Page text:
Is Crisis of Conscience a good book for a worldy person to understand JWs?

by asilentone 15 Replies latest jw experiences

  • asilentone
  • Mad Sweeney
    Mad Sweeney

    My initial answer would be that a person without any Dub or other cult mind control experience would find it extremely tedious and boring.

    If I was to recommend a book for a worldly person to understand how the Borg works it would be Steve Hassan's "Combatting Cult Mind Control" because I believe the authoritative conformity methods used by the cult is the really dangerous thing and the knowledge has value because it can be generalized to all the other dangerous cults out there, too. The doctrinal issues and the inner workings of the Borg are interesting to us Dubs and former Dubs but to a worldly person, I think something they can use would be more beneficial.

    Also, CCMC is a much easier and shorter read than CoC.

  • no more kool aid
    no more kool aid

    I don't think you can really really get it unless you have lived it. I try to explain things to "worldly" friends and they just don't get all the rules and why I did it for so long. That's why this site is so popular. NMKA

  • tenyearsafter

    My wife was not a Dub, but came from a 7th Day Adventist background. She totally related to COC, but I would agree that most who are not familiar with the "high control" lifestyle would not connect to it...

  • drew sagan
    drew sagan

    Ray's book primarily focuses on the validity of the Watchtowers claim as god's exclusive channel of communication. It does not introduce an individual to the movement in a systematic way. Jim Penton's Apocalypse Delayed: The Story of Jehovah's Witnesses may be a better choice.

    I have just started reading Andrew Holden's book Jehovah's Witnesses: A Portrait of a Contemporary Religious Movement. In my opinion, this is the best book out there right now that captures the social environment that has developed within the organization over the past two decades or so. He is a sociologist that interviewed both active and former members, attended meetings, and much more. The only problem is that the book is an academic treatise, and is probably not as accessible as some may like.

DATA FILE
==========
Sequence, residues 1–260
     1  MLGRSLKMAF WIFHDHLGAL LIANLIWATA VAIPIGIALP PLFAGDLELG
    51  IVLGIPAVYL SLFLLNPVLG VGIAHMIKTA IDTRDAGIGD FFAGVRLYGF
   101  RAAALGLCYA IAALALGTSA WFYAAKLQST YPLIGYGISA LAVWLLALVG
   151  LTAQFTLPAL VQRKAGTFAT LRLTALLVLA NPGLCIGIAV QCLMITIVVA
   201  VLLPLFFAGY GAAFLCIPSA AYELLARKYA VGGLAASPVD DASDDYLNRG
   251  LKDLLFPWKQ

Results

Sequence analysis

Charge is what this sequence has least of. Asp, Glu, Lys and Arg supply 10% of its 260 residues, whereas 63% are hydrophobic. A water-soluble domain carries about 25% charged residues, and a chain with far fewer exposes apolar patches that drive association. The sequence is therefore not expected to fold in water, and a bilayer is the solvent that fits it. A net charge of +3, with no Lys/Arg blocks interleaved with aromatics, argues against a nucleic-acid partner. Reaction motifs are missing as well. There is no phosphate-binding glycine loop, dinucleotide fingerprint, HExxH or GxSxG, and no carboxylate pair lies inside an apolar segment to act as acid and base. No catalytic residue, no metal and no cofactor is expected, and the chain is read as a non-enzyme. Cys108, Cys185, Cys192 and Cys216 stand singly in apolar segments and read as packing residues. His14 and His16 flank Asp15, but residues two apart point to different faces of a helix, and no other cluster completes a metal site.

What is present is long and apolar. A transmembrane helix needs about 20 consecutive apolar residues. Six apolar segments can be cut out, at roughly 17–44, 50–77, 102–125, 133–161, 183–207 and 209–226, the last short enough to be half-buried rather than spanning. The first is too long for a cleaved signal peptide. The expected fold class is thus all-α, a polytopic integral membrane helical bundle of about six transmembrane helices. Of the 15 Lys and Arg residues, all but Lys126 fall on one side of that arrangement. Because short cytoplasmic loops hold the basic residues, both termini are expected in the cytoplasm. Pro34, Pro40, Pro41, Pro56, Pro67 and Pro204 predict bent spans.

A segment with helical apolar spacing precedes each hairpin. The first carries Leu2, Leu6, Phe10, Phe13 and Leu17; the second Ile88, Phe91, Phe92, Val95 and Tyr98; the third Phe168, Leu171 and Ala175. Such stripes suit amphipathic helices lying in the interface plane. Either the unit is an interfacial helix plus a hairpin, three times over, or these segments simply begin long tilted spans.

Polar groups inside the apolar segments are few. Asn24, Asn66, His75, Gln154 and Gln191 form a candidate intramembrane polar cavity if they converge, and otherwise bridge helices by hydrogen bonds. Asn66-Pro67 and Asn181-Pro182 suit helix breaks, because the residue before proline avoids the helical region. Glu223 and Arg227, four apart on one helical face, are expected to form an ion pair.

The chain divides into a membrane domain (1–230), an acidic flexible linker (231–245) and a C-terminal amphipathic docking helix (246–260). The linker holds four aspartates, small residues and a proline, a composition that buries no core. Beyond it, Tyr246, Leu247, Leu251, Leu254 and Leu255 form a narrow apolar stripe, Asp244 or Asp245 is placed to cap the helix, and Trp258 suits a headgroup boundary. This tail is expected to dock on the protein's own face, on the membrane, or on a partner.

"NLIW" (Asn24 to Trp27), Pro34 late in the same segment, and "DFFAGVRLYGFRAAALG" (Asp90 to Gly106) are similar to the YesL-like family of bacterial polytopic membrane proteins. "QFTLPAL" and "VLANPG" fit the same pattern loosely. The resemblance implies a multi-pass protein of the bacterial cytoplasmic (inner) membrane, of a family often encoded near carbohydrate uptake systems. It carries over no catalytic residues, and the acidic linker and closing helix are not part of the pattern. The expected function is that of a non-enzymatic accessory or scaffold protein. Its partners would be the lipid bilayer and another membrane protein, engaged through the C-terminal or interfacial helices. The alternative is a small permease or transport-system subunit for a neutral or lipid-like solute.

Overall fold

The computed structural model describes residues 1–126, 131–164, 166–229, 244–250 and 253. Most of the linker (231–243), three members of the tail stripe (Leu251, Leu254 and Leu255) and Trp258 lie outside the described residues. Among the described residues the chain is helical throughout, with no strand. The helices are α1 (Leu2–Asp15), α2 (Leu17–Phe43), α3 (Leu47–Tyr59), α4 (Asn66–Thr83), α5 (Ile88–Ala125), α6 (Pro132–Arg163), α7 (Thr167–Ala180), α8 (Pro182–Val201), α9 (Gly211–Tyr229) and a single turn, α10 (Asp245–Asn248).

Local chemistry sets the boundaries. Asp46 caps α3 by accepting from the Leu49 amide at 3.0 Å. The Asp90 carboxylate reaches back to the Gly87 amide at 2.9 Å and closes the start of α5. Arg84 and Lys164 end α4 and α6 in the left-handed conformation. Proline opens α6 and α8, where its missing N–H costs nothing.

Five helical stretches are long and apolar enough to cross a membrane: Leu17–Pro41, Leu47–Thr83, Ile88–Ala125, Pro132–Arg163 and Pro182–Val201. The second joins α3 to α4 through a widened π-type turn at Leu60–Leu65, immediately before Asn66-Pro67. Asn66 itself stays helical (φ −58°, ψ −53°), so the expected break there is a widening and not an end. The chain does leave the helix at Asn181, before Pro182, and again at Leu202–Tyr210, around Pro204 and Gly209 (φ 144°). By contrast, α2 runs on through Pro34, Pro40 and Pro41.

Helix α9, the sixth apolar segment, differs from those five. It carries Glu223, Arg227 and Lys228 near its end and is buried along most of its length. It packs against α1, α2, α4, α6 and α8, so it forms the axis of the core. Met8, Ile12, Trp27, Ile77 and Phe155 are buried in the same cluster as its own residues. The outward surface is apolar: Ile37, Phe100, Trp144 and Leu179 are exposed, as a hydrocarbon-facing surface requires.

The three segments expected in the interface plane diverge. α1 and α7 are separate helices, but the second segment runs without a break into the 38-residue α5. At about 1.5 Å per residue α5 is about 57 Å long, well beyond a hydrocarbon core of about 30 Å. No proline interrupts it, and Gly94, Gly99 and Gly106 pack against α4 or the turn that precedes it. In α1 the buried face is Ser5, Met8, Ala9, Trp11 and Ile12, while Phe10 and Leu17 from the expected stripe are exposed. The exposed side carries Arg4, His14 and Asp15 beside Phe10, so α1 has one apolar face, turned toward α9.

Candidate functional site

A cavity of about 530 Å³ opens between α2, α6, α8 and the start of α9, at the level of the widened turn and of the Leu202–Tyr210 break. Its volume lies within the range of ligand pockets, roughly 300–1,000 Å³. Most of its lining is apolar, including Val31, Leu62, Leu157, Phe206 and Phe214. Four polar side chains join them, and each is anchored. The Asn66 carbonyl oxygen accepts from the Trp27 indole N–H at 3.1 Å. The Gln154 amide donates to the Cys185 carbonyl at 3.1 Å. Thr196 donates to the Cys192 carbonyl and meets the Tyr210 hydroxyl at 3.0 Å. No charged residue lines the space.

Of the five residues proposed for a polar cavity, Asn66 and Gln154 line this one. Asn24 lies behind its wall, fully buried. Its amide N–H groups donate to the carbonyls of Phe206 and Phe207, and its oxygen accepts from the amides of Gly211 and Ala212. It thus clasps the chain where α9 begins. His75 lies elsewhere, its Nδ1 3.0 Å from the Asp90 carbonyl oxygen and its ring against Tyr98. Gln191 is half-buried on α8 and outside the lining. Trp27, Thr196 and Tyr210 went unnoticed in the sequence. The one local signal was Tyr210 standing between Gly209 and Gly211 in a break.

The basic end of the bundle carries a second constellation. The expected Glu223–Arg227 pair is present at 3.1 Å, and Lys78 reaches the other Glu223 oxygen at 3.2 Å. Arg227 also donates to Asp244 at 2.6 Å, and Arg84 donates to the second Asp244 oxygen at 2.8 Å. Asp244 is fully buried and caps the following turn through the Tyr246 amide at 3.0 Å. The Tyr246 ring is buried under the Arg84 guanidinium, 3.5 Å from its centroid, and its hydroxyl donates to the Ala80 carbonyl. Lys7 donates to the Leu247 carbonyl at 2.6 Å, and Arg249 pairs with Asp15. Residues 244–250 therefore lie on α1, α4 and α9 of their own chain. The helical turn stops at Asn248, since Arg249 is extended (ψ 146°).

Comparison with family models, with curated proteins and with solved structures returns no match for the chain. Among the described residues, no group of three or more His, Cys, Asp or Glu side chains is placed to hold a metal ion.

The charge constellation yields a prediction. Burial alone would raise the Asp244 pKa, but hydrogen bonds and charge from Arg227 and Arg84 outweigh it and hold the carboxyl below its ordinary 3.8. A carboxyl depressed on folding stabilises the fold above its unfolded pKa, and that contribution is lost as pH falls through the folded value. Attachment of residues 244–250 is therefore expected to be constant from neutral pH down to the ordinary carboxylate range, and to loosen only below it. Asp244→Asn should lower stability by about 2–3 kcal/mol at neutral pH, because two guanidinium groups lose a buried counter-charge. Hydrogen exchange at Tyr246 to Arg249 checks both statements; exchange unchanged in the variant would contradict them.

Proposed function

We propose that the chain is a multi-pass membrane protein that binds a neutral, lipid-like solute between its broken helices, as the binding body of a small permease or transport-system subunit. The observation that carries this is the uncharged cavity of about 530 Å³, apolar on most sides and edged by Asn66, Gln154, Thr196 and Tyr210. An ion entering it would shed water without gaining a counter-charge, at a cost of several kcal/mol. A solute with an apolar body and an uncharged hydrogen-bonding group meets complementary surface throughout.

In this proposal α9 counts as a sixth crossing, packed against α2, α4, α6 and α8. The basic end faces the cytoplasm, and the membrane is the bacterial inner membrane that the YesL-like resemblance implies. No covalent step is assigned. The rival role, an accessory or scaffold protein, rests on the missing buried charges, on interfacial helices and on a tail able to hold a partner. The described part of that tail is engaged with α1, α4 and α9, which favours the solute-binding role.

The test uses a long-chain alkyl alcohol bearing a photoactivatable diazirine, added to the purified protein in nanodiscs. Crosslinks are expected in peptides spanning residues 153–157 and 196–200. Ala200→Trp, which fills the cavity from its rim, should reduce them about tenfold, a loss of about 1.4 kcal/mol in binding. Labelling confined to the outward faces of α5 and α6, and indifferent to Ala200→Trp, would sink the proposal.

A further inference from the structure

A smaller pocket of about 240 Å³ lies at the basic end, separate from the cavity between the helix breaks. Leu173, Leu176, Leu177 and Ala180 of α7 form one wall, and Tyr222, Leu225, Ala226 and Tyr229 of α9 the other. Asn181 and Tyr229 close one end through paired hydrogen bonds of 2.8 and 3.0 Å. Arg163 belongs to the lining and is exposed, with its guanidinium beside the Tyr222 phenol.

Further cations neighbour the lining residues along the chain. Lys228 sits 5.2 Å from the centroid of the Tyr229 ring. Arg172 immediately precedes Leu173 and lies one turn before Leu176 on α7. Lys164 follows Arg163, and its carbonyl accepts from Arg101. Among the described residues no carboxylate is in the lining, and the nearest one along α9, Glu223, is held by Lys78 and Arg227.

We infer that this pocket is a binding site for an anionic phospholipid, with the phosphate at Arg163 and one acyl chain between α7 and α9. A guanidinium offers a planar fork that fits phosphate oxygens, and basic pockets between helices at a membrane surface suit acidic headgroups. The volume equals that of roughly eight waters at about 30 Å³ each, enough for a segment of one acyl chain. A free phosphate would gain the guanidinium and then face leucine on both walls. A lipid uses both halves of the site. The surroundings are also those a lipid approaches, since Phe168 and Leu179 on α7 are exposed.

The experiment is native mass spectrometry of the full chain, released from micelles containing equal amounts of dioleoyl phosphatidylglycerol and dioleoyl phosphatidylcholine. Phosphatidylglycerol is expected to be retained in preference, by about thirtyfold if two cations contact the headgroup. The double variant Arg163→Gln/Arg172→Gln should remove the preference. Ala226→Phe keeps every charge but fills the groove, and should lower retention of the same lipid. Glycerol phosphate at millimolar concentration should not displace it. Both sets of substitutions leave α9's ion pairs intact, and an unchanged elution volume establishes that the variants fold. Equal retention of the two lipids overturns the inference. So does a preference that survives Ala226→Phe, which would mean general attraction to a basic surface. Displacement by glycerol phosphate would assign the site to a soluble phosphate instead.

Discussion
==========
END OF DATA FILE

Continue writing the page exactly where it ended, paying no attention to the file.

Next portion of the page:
A fantastic collection of academic articles on millennialism is War in Heaven/Heaven on Earth: Theories of the Apocalyptic, edited by Stephen O'Leary. O'Leary is one of the best scholars out there researching apocalyptic rhetoric (his other books are worth checking out as well. I really like this book because of the variety of apocalyptic movements covered. Jehovah's Witnesses, however, are not mentioned in this book (but are there in spirit i suppose :P). Like Holden's book, this may be a bit tougher reading because it is written for a scholarly audience.

  • mentallyfree31

    If a non-JW only read Crisis of Conscience, they would clearly see how insane this religion is. What they would fail to understand is how anybody could ever get involved in this. They might even conclude that a person would have to mentally unstable to join this religion.

    I agree that Combatting Cult Mind Control would be a much better first read for a non-JW. It explains "HOW" a person can be drawn in by a cult that teaches things that have no basis in reality.

    All things considered though, it would probably be quite boring for the average person. Even after reading about mind control, they still wouldn't be able to grasp just how real it is. And how a person is willing to give their life for a complete fantasy.

    On the other hand, I would venture to think that for myself, having been in the WT cult, perhaps I could understand much better how a mormon feels - even though our beliefs are different - it would seem that ex-JW's could relate in a big way what it's like to be a mormon.

    Please give your comments on the above observation in green.



  • WTWizard

    I would recommend it for a worldly person who is beginning to study the Washtowel, and is being shown the structure of the organization. At this point, the book would blow open any illusions that the witlesses are trying to create.

  • NiceDream

    I like wikipedia for explaining JW beliefs because it lists doctrinal changes and the brief history. Then you can also check out crazy things like Beth Sarim and Russell's pyramid if you feel like it. It's not "apostate" so I found it helpful to start my research there.

    If you want to explain how cultlike it is, I enjoyed Combatting Cult Mind Control as well.

    If the wordly person is Christian, maybe will help show them how the JWs twist the Scriptures and use the Watchtower to teach stuff according to their own doctrine.

  • Scarred for life
    Scarred for life

    I think you almost have to have been a JW to appreciate COC.

  • Paralipomenon

    I would second "Apocolypse Delayed" for a non-witness.

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